Washington, DC – Energy and Commerce Committee Republican Leader Greg Walden (R-OR), a former radio station owner in rural Oregon, penned an op-ed for The Hill outlining the importance of promoting diversity and new voices into local broadcast media ownership and his bill, the Broadcast Diversity in Leadership Act, to create a broadcast incubator program to encourage continued diversity and growth of local broadcast media ownership.
You can read the full piece in The Hill here and catch a few highlights below.
By E&C GOP Leader Greg Walden (R-OR)
October 22, 2020
In today’s 24-hour news cycle, Americans can feel overwhelmed by the amount of information at their disposal, and filtering through seemingly unlimited content can be more burdensome than informative. For more than a century, local broadcasters have played an important role in delivering trustworthy, important and oftentimes emergency news that is tailored to the areas they serve. To ensure our local broadcasters can prosper in today’s dynamic media environment, we must create proactive policies that will incentivize future generations from all backgrounds to join the industry and continue to provide local and relevant information to the communities they serve.
As a former radio station owner in rural Oregon, I know well that our local broadcasters are often Americans’ primary source of local news, particularly in rural areas. They are especially vital during public health and safety crises such as the COVID-19 pandemic and the ongoing wildfires in the West. I also understand the importance of ensuring broadcast owners and their content reflect the communities they serve, and I commend the efforts of broadcasters to ensure diversity of their ownership, the viewpoints they present, and their employees.
While the obstacles faced by today’s local broadcasters have changed since my time in the business, government rules for the industry have not. In fact, ownership rules for broadcasters have stayed the same for more than two decades, putting local broadcasters at a disadvantage and preventing the growth of the industry at large. In an industry already struggling to compete with unregulated, digital competitors, opportunity lays further away for minorities who must overcome additional barriers including difficulty accessing capital or managing their first broadcast property. To ensure every American has an opportunity to be served content relevant for all identities, Congress must act to bring our media ownership laws into the 21st century, create policies to incentivize new entrants into the marketplace, and help lift voices of underrepresented individuals by promoting diversity where it matters most: ownership.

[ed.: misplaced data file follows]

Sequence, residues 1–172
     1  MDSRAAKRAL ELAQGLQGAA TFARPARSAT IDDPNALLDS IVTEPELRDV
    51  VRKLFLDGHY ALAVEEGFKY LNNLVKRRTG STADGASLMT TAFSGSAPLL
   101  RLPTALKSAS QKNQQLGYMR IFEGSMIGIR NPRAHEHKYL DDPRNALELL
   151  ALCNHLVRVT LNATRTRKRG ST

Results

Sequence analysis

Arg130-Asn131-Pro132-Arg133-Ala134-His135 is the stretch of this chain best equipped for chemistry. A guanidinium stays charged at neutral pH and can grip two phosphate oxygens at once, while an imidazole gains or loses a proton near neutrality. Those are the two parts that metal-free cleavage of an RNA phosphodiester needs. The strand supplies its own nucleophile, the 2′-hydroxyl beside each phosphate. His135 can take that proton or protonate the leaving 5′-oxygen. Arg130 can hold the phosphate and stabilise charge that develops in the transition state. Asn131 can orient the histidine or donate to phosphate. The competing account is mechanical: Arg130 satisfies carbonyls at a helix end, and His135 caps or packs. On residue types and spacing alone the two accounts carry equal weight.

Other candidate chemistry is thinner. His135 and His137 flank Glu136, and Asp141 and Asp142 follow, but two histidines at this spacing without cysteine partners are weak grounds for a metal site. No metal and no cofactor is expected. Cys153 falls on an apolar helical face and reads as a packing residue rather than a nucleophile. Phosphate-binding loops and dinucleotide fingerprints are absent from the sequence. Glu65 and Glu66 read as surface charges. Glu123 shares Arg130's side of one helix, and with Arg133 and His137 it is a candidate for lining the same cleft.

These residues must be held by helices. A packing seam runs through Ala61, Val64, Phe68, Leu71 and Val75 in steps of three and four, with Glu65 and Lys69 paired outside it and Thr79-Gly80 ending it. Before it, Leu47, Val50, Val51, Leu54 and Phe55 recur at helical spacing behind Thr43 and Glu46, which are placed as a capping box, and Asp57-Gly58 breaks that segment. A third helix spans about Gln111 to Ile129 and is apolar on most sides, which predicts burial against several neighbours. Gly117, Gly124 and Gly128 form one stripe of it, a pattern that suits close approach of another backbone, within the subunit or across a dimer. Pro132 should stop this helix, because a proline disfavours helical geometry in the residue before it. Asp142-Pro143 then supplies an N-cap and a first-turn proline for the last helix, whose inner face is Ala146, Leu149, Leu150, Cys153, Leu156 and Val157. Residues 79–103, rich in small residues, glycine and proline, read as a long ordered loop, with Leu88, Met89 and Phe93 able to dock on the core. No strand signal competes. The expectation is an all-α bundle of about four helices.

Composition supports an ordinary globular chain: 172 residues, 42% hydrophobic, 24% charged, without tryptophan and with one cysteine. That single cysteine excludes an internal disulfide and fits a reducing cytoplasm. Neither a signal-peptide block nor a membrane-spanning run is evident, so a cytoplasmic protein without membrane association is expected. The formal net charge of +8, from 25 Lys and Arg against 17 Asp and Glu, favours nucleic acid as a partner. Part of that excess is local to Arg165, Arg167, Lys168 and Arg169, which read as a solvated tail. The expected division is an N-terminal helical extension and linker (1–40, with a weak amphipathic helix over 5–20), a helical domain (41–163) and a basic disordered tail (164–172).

That is why, earlier this year, I introduced the Broadcast Diversity in Leadership Act. This bill aims to break down well-understood barriers and support new and diverse voices to join the local broadcast industry by creating a broadcast incubator program. Through the program, an established broadcaster and an aspiring broadcaster could form an incubation relationship, which would provide mentorship and access to capital, as well as establishing mutual goals to ensure success. I am proud to have worked with, and earned the support of, stakeholders that have been advocating for such a program for nearly three decades: the National Association of Black Owned Broadcasters; the Multicultural Media, Telecom and Internet Council; and the National Association of Broadcasters. While there is certainly more work to be done, this program would be an important step in the right direction to promote a diverse array of voices in the broadcast media industry. This is an opportunity that should not be missed, and we cannot allow partisan politics and philosophical purity to stand in the way of real, commonsense progress that would enable more minorities to own broadcast stations that provide Americans access to the fair, relevant and diverse content they deserve.
Click HERE to read the full op-ed.